Sir Harold Jeffreys (1891–1989) was an English mathematician, statistician, geophysicist, and astronomer. As an noted physical scientist, he was the first one to demonstrate that the core of the Earth was liquid; but more along our line of interest, he contributed to the revival of Bayesian statistics with a prior probability distribution, known as the Jeffreys prior, in the 1930s. His astronomer-mathematician life allowed him to develop this highly mathematical based method, aiming for applications in the physical sciences. Meanwhile, his expertise in multiple fields shaped his philosophy of science--as a Bayesian statistician Jeffreys regarded probability as a degree of reasonable belief. Prior probability distribution, as its name indicated, is one's belief assigned to the distribution before a statistical test, and Jeffreys prior is specifically a non-informative prior for any parametric model.
Jeffreys was born in Fatfield, England, and his father was the headmaster of a secondary school. After studying mathematics, physics, chemistry, and geology at Armstrong College in Newcastle, he went to St John's College in Cambridge and became a fellow in 1914. He worked in applied math and physics related job positions before the 1930s, and then returned to Cambridge. There, Jeffreys taught mathematics until 1932. From 1932 until 1946, Jeffreys taught geophysics. His students did not regard his lecturing skills highly; his teaching style was apparently quite unclear, which led many students to drop out of his courses. Nevertheless, Jeffreys became Plumian Professor of Astronomy and Experimental Philosophy in 1946.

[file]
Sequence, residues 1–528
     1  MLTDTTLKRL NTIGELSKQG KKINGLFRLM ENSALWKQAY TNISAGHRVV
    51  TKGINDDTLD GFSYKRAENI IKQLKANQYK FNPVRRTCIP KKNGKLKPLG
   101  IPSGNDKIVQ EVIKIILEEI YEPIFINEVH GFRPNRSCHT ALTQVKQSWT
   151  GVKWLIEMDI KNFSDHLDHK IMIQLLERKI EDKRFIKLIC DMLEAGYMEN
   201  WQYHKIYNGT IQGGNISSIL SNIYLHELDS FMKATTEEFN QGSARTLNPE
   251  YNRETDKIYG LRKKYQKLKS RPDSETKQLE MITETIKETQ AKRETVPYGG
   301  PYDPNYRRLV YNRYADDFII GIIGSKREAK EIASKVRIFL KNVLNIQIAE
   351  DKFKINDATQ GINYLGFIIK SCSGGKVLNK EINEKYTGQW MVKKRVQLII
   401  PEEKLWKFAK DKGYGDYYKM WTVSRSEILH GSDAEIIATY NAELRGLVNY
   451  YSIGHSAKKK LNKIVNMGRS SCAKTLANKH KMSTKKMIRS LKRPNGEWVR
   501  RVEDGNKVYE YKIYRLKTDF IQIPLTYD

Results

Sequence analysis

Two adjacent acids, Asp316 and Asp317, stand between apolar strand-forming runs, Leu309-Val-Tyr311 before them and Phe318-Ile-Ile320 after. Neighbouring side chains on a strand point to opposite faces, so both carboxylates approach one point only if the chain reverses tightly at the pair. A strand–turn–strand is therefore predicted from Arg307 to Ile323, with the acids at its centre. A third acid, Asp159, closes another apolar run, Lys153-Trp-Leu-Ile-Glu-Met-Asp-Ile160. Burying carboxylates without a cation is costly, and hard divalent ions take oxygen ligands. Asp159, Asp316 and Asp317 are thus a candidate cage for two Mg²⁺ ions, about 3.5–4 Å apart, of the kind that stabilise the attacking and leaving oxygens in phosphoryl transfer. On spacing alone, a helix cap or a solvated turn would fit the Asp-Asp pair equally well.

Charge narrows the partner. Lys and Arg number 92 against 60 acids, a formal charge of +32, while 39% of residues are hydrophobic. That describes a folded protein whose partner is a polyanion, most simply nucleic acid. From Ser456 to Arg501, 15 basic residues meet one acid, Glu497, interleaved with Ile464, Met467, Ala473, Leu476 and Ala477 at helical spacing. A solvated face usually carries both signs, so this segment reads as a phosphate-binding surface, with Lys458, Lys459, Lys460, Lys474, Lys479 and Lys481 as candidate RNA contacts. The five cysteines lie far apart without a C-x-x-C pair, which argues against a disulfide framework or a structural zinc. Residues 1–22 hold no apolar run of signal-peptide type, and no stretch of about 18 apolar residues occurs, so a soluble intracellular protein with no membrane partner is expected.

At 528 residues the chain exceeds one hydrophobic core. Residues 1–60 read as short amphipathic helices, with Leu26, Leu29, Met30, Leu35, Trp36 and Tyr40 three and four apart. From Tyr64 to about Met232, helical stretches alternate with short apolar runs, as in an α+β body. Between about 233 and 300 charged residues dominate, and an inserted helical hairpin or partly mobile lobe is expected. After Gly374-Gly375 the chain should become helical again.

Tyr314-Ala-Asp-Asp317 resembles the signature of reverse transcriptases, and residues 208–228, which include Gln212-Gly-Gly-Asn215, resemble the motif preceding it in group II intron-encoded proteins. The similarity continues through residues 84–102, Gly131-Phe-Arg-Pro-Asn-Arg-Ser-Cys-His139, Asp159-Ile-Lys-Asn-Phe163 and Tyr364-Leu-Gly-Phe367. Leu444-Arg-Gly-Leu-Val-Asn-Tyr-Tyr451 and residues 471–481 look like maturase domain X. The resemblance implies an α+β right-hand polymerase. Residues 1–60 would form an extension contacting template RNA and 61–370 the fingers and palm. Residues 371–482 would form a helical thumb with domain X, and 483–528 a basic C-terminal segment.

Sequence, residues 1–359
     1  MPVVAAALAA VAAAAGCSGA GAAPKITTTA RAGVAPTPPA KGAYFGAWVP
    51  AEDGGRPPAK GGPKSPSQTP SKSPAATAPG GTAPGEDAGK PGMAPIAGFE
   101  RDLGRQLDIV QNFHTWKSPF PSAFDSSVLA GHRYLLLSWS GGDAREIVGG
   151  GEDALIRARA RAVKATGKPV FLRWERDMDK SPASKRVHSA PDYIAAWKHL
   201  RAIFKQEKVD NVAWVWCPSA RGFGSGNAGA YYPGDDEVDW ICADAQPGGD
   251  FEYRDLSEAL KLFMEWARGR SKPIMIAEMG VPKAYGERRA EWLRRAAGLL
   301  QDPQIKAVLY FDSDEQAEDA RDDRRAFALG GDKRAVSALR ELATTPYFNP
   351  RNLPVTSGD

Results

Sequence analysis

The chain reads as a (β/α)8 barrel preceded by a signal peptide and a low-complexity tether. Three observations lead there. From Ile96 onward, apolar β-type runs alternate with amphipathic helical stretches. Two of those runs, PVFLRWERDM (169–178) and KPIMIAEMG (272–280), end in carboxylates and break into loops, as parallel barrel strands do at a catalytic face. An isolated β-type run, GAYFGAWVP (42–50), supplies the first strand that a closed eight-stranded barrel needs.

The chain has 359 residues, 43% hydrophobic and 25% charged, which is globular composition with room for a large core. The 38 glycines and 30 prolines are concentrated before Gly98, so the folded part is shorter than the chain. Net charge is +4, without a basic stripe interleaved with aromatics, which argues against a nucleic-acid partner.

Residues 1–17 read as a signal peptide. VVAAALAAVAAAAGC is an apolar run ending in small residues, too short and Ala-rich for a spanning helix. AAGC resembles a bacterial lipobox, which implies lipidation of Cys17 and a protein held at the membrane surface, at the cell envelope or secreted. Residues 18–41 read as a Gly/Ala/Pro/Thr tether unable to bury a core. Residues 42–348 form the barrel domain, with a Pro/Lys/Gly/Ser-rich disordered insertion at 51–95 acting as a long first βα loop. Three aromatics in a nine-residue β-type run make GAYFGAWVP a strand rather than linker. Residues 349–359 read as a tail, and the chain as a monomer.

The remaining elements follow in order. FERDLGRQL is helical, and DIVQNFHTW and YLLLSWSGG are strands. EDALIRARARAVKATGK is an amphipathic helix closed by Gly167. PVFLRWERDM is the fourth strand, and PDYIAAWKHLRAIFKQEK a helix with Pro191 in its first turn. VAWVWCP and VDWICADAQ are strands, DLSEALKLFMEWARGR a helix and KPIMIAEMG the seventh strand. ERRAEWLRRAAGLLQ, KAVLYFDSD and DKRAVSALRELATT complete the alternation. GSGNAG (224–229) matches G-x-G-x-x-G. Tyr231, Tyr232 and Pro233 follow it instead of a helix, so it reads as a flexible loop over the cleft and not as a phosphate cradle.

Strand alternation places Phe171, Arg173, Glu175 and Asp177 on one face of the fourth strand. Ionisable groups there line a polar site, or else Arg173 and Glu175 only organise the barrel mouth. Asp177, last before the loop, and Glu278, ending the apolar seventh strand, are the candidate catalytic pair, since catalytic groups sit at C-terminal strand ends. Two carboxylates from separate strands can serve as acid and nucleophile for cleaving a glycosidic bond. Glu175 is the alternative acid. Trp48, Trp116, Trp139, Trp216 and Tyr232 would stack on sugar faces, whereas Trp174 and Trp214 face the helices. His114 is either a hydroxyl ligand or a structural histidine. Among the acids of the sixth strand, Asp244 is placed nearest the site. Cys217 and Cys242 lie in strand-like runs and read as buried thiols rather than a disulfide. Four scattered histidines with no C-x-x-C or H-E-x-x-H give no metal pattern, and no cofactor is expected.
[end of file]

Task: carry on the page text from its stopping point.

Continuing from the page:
Jeffreys was further recognized for his scientific and mathematical contributions in 1953, when he was knighted. In 1960, The Royal Society awarded Jeffreys their Copley Medal in recognition for his work in geophysics, astronomy, and probability. Regarding his geophysical work, Jeffreys coauthored The Earth: Its Origin, History and Physical Constitution (1924) and Earthquakes and Mountains (1935), in which he explained the origin of monsoons and showed how cyclones contribute to the circulation of the earth’s atmosphere. Interestingly, Jeffreys was a critic of the theory of continental drift and later of plate tectonics. Despite the mounting evidence for these theories, Jeffreys remained skeptical against them, believing that there’s no single force great enough to move pieces of earth.
Although his major focus was the physical sciences, Jeffreys’ interactions with one of the most influential statisticians in the twentieth century, Ronald Fisher, lead him to publish his major statistical work: a book called the Theory of Probability (published in 1939). The two first began to interact in 1933, and discovered that they had opposing viewpoints on Bayesian statistics. Jeffreys embraced Bayesian statistics, while Fisher rejected Bayesian statistics with his notion of probability based on relative frequency. Their continued criticisms and responses finally ended in reconciliation. In the Theory of Probability, Jeffreys says about Fisher: “I have in fact been struck repeatedly in my own work, after being led on general principles to a solution of a problem, to find that Fisher has already grasped the essentials by some brilliant piece of common sense [...]”
Jeffreys was described as a shy man and a heavy smoker, who rode his bike well into his 90s. He was greatly respected for his warmth and intelligence. Jeffreys passed away at the age of 97 in Cambridge.
http://www.stat.columbia.edu/~gelman/research/published/jeffreys.pdf, “Bayes, Jeffreys, Prior Distributions and the Philosophy of Statistics” by Andrew Gelman
http://www.economics.soton.ac.uk/staff/aldrich/hjraf.PDF, “Harold Jeffreys and R.A. Fisher” by John Aldrich